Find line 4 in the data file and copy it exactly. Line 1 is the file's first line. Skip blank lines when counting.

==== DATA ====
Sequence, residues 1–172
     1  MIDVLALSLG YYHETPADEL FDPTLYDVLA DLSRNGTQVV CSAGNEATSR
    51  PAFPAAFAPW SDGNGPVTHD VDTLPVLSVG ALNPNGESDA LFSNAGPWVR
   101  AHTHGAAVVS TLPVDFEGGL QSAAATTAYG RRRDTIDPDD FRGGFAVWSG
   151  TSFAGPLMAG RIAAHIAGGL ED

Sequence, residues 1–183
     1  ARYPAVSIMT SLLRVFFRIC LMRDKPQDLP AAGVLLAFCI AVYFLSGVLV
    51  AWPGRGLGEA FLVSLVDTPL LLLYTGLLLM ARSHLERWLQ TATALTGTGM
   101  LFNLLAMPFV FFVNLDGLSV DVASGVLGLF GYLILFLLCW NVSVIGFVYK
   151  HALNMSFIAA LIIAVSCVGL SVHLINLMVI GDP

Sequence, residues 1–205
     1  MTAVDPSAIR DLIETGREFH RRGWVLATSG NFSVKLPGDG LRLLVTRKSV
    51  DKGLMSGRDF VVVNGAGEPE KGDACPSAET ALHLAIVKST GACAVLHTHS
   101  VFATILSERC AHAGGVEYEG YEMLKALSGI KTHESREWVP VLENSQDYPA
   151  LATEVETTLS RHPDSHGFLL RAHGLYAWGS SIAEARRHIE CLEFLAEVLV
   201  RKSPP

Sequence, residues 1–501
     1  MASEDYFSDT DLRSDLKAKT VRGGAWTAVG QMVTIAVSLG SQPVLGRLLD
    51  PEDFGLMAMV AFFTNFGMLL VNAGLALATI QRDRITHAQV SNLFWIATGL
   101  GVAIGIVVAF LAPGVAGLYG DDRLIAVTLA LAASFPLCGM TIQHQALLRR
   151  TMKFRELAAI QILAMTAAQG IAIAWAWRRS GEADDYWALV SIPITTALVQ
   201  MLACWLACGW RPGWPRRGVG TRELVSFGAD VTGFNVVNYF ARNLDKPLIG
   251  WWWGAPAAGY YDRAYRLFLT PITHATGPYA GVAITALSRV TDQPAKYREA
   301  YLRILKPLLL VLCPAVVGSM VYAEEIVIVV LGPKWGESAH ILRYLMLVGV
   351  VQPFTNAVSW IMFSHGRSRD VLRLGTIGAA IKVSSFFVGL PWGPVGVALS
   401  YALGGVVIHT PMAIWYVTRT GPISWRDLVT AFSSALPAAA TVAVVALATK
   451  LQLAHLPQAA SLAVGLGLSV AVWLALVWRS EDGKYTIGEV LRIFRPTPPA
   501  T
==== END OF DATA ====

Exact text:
   101  AHTHGAAVVS TLPVDFEGGL QSAAATTAYG RRRDTIDPDD FRGGFAVWSG